By: Guy P
March – that space on the calendar where there is an anticipation of hope for green grass and the need for some creativity for outdoor adventures. Hunting seasons have passed, ice fishing finds the fish sluggish, and the rotting ice holds a tad more adventure than I like. So what to do?
It has been one of the coldest winters on record in Utah. Tied with 1944 for the honor, old man winter has hung on and hung on.
The weather girl called for sunshine this past Saturday and the river ice had left so my kid came up with a Catfish recon trip. We checked the snow depths there would be down to the fishing hole and decided that snowshoes were in order and thank goodness for them.
It was foggy as we left the truck for the mile hike, and the sun was working hard to burn a hole in it. Waterfowl was abundant to watch as we sauntered along. We found where a fox had found breakfast. Fox are amazing mousers. The snow revealed the other wildlife around. I love to read tracks.
Arriving at our destination we found the water to be low and clear. The Catfish hole is 40 yards from where we can get to on the bank so casting long is a must. Heavy line also a must for hauling them past and out of the dead willows that line the bank. All the hole held this day was carp.
All that did was fuel our anticipation of spring and bowfishing. We did have one bite that was classic large Catfish. We based that off of the bait we were using at the time and the violence transmitted to the 7 foot Ugly Stick that was bent in half. But Riley missed the grab for the pole. So we will never know. But the expert believes the water temps still need to come up a bit to get them out and feeding.
If a carp can be called attractive, these carp were that, solid and fat. The usual bantering of actually eating one was again part of the conversation. And we did our best to justify the possibilities. But the tin foil dinners we’d brought won over our nerve and we sat in the sun and enjoyed them.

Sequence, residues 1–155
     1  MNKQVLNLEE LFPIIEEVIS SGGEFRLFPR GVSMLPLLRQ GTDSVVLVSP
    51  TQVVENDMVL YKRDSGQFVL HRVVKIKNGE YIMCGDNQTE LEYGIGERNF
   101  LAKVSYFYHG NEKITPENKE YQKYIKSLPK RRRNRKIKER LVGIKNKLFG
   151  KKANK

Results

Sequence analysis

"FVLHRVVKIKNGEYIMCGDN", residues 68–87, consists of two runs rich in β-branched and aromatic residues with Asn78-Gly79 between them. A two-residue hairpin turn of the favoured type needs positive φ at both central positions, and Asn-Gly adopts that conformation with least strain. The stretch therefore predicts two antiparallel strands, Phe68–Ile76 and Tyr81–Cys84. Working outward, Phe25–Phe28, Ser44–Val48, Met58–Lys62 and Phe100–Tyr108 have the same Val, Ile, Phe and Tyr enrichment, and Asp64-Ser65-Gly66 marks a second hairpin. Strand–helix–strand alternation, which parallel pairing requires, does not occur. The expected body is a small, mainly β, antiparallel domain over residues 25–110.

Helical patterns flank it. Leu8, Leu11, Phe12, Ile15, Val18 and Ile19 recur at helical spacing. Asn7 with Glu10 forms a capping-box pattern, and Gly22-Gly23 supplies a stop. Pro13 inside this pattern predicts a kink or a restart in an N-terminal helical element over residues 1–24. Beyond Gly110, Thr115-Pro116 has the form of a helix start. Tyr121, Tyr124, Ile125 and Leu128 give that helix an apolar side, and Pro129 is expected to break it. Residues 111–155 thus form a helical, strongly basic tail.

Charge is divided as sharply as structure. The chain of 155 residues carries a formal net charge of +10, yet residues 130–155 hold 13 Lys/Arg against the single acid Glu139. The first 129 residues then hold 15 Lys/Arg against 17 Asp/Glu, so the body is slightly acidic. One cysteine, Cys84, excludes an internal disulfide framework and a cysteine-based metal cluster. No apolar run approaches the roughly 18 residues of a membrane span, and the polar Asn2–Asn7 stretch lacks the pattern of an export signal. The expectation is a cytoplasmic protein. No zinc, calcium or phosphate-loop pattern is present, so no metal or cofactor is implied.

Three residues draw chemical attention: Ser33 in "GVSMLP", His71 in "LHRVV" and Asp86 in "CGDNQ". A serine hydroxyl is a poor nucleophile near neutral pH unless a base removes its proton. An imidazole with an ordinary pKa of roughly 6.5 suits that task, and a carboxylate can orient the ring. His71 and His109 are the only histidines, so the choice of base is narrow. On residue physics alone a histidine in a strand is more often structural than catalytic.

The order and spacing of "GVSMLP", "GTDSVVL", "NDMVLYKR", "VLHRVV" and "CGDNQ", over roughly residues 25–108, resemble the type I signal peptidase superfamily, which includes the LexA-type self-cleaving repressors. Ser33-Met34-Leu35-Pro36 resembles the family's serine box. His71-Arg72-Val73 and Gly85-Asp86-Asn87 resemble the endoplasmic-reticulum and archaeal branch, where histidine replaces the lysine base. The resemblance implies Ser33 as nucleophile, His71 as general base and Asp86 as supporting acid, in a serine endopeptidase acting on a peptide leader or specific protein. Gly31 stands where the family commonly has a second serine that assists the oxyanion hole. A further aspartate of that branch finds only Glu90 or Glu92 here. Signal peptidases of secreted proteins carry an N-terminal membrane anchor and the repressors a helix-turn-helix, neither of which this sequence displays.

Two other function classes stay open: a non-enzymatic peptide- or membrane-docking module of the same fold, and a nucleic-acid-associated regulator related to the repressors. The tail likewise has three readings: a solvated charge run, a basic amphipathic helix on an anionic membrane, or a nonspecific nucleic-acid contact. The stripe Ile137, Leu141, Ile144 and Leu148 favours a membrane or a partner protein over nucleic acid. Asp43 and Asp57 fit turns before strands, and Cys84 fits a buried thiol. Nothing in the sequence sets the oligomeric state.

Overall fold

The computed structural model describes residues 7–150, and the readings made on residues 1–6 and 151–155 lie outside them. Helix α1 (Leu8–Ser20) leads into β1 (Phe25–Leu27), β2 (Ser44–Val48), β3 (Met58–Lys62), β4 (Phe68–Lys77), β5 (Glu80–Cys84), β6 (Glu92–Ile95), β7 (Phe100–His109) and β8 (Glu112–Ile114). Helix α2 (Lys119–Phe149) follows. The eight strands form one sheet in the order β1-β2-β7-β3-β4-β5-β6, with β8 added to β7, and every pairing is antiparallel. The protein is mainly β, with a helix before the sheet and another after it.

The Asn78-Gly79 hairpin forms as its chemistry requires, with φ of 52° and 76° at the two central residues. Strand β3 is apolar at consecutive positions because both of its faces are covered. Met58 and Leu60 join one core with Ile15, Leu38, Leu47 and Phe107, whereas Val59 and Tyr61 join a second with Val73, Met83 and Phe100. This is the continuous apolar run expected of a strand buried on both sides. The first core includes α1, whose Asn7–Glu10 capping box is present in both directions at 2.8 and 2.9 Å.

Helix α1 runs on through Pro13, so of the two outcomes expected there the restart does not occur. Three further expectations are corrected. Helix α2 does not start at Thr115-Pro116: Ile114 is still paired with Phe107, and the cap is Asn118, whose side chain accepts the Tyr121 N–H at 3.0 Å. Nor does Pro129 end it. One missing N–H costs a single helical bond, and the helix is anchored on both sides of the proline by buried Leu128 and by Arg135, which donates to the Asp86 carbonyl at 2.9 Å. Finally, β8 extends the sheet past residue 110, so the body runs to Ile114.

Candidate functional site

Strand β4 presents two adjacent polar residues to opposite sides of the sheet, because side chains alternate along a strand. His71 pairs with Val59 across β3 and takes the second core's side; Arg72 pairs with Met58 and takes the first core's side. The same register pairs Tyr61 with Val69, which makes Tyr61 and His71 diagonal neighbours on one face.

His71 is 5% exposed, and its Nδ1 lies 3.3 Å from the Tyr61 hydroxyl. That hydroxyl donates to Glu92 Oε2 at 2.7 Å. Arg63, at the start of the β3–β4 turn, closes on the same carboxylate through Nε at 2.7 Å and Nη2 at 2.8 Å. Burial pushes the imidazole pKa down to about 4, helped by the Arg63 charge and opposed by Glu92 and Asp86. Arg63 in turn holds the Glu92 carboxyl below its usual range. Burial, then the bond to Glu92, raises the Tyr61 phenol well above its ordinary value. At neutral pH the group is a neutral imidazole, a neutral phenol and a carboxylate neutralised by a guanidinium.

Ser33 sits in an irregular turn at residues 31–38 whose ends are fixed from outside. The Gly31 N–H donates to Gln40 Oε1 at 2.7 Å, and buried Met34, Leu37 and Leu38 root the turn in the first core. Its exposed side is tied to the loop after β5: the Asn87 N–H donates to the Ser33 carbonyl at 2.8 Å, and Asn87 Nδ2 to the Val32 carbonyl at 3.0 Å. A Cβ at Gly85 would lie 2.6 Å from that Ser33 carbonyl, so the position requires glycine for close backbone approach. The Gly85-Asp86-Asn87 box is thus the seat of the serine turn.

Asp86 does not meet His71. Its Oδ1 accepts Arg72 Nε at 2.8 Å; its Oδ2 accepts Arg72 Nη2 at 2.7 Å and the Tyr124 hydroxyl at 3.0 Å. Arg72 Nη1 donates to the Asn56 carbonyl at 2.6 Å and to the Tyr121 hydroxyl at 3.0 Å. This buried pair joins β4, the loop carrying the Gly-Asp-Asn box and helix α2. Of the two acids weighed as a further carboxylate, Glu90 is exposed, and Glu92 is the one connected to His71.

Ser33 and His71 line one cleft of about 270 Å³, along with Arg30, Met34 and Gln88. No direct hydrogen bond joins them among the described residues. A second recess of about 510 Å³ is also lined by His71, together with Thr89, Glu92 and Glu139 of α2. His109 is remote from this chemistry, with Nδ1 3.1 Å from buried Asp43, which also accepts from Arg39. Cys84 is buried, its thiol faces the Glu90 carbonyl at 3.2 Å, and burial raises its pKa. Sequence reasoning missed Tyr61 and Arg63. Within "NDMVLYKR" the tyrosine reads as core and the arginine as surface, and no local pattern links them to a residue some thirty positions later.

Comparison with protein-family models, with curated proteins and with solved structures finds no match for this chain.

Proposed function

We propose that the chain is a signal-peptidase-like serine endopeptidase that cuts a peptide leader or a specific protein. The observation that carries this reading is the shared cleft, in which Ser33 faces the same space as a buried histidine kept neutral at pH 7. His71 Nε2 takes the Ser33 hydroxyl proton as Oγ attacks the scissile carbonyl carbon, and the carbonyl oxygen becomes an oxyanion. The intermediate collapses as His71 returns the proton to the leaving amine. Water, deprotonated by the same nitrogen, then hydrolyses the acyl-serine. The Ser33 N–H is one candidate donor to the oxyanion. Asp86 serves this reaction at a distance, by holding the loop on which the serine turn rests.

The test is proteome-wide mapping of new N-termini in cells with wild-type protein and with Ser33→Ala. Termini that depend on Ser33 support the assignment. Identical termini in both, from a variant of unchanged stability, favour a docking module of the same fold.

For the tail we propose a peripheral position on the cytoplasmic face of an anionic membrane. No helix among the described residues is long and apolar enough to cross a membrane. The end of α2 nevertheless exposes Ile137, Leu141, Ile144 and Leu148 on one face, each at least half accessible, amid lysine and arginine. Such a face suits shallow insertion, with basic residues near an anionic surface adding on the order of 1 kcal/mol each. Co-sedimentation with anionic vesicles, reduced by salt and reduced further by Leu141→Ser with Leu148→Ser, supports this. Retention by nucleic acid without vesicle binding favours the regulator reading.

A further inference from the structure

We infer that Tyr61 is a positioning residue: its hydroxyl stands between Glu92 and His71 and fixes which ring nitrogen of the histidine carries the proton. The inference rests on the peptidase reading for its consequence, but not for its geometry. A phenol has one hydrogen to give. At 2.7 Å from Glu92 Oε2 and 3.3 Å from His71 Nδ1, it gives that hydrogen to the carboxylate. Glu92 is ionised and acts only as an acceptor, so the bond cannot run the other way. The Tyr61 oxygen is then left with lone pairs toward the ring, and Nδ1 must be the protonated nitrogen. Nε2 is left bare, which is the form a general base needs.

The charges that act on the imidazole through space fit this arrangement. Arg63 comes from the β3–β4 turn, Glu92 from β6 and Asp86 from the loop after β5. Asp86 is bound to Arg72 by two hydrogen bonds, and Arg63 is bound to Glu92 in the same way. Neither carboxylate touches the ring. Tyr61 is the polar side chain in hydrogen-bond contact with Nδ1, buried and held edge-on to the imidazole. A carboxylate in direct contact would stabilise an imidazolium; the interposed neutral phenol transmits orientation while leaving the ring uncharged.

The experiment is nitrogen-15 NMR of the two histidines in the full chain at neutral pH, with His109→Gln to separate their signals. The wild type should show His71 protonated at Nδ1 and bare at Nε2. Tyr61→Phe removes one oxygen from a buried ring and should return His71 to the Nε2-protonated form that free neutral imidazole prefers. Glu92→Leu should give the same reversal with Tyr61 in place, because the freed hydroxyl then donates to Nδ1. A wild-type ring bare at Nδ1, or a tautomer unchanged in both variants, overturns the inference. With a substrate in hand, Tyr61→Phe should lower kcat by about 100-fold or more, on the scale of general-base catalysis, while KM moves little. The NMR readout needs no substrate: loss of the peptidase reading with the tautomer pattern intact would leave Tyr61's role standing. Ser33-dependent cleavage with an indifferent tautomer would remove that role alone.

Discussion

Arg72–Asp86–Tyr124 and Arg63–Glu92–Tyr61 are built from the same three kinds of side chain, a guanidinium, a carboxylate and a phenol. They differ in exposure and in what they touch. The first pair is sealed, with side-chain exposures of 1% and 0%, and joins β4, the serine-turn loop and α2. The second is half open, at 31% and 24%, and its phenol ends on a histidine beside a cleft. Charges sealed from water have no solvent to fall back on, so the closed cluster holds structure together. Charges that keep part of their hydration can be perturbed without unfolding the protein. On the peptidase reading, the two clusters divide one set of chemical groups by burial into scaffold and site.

Ahhh but boys will be boys. And we soon decided that if there was a carp we’d try it may be one of these due to the quality of the water at the moment and the health the fish looked to be in. And the biggest mistake….We had heat close by.
We soon had cut a piece from the tail base and filleted the skin off. That section of meat is usually the better part of a trout. We wrapped it in the left over juices of the tin foil dinner added a dash of Mt Dew and put it over the heat on our Mountain Series stove. After 15 minutes we figured it was poached.
A contest of Rock, Paper, Scissors, left me the odd man out and first up to try a bite. I was struggling in my head getting past everything I found to be wrong with a Carp. Mostly it was about where they live and the run off they live in. But the Catfish live in these waters too and we eat them, at least the carp are vegetarian. So I popped it in my mouth and waited for the violent reaction. Then it was Riley’s turn, and it brought a thought full pause from him.
If it were not for the little thick bones I had not seen or removed. It may have been a better experience. The taste and texture oddly enough was a bit like Tuna just not as strong. Could you live off it if needed? Yes. Am I going to learn to be a Carp Chef? Nope. But I will continue to help balance our waterways by removing them when I can. The pressure put on the species by Bowfishermen and other fishermen in our area is clearing up the waters. You see less carp but larger carp. The backwaters hold more vegetation and that is habitat restored for shore birds and waterfowl. And from my biological arm chair where I sit…..I’m all in for that effort.
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